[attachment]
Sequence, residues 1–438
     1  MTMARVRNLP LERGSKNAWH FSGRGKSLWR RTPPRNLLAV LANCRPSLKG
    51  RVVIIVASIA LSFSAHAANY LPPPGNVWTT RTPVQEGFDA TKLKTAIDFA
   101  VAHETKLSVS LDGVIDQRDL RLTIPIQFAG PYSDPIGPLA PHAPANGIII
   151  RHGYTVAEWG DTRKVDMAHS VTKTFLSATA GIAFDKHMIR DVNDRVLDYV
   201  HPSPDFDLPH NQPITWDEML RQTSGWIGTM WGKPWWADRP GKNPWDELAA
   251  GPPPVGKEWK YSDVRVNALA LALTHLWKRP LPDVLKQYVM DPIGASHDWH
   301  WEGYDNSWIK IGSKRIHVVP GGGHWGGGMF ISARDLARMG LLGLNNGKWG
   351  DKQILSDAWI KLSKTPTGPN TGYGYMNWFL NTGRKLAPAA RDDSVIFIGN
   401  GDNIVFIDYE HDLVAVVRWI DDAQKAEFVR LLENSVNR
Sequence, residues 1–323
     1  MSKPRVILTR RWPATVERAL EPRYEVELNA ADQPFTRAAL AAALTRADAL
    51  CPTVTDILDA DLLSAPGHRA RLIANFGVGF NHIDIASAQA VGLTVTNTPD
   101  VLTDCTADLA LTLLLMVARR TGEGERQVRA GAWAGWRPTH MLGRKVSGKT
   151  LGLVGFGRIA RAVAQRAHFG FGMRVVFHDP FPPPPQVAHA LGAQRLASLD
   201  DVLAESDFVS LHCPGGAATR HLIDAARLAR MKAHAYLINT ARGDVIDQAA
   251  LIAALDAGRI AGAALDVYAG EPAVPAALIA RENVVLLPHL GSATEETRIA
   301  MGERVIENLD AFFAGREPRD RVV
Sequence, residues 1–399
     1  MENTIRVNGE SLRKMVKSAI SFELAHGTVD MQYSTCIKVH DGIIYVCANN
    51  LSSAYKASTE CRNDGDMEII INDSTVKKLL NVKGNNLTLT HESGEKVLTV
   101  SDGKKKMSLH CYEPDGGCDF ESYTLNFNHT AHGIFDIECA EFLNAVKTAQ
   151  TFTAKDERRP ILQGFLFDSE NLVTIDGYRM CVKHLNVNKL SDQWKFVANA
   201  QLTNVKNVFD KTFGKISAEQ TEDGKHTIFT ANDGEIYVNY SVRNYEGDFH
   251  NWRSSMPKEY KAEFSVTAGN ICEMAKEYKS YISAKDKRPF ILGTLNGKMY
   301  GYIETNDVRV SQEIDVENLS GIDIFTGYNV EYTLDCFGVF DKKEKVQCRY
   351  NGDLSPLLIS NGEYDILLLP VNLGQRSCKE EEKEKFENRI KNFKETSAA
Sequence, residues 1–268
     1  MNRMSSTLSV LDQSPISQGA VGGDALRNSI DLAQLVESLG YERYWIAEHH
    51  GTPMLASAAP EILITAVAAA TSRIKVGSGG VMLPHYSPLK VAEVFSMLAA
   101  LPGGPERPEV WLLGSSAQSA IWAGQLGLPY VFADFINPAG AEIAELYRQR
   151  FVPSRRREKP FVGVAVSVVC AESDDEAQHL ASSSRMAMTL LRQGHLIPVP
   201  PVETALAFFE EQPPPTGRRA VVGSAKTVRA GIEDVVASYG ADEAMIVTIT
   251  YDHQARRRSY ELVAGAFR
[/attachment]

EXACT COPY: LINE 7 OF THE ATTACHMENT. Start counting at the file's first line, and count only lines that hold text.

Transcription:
   251  GPPPVGKEWK YSDVRVNALA LALTHLWKRP LPDVLKQYVM DPIGASHDWH